When we were kids, our parents used to tell us to turn off the lights and stop reading, but we always found ways to disobey them. You know the drill. So to make sure our children aren’t staying under the blankets or bed sheets to keep playing with their smartphones, you have to take it away to your room.
According to a new study in the journal of Pediatrics, smartphones will take some of your kids’ sleeping hours away if you allow them to sleep with it. They sleep less on the average compared to kids who sleep without their smartphones.
“I don’t think that all screen time is ubiquitously bad, but definitely recreational screen time should be limited. Parents can set a screen or device curfew one hour before bedtime,” said Jennifer Falbe, a researcher at UC Berkeley’s School of Public Health and the lead author on the paper.
Fourth-graders and seventh-graders who go to bed without their mobiles (smartphone, iPod, tablet, androids) will enjoy more sleep at an average of 20.6 minutes more than those who do, Falbe said.
On the other hand, children with a TV set in their room will only lose an average of 18 minutes of their normal sleep compared to those don’t have one in the room. The research showed that small screens have a more negative effect in terms of sleep loss compared to big screens.
Falbe said she was not a bit surprised by the results. She has also studied how obesity and diet quality are affected by screens.
“It was actually exactly what I expected,” she said.
The research was culled from the information gathered in 2012 involving more than 2000 fourth and seventh grader schoolchildren who were ethnically and racially diverse from two schools located in Massachusetts.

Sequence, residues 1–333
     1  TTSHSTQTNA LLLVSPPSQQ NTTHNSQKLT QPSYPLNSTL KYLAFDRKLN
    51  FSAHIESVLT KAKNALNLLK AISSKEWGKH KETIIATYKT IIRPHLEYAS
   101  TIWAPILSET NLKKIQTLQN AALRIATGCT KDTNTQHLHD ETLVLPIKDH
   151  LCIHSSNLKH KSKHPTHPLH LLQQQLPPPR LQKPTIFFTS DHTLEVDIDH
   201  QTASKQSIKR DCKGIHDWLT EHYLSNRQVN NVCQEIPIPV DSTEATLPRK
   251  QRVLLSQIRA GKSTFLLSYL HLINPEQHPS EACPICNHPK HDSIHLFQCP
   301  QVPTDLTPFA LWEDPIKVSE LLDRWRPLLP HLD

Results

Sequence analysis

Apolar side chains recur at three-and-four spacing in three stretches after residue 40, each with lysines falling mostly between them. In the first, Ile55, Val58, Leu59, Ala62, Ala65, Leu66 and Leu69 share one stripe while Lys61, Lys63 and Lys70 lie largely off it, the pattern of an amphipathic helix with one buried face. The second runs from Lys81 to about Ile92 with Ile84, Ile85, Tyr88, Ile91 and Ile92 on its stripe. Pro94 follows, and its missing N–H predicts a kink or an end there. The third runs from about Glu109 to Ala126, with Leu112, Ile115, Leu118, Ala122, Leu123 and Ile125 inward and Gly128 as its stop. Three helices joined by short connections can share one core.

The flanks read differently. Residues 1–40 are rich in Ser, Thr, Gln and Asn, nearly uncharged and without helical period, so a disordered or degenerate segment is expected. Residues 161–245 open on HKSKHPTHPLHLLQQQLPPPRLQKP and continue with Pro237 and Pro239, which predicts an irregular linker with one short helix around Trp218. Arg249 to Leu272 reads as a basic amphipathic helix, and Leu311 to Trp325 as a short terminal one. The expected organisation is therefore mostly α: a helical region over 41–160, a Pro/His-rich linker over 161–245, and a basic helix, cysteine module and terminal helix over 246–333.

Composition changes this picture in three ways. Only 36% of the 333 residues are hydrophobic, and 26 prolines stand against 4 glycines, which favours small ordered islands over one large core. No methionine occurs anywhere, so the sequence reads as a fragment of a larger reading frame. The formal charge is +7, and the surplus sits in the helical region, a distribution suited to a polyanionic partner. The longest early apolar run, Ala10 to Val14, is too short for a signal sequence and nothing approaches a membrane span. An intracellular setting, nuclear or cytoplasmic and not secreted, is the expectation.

Falbe and her colleagues reported that of those who were interviewed, fifty four percent said they go to sleep with a small screen beside them. It was observed that they were more likely to sleep less than their schoolmates and also grumbled about their poor quality of sleep. The presence of a TV in the room led to less sleep, but it did not affect the quality of their sleep as they observed.
The research paper lists three possibilities for explaining why small screens caused more sleep deprivation than its large screen counterparts.
First, because individuals stare closer at small screens, there was a tendency for a delayed melatonin reaction.
Melatonin is a hormone that regulates our waking and sleeping hours. Any disruption in its production will alter our sleeping habits.
They also note that watching TV is a passive observation. Playing video games on an iPod Touch or a smart phone is more interactive, which can increase cognitive and emotional arousal.
The second observation was that viewers and largely uninvolved when watching TV. It’s different when playing video games using small screens. We are actual participants which heighten our cognitive and emotional state.
Third, small screens provide audible alerts for incoming text messages or other types of notifications. They tend to disturb sleep and awake an already sleeping child.
“I was kind of a late smartphone adapter,” she said, “and before I got the settings right, I got woken up in the middle of the night because of a text or email alert, and it was stressful — I felt I had to check it so I didn’t miss something for work or school.”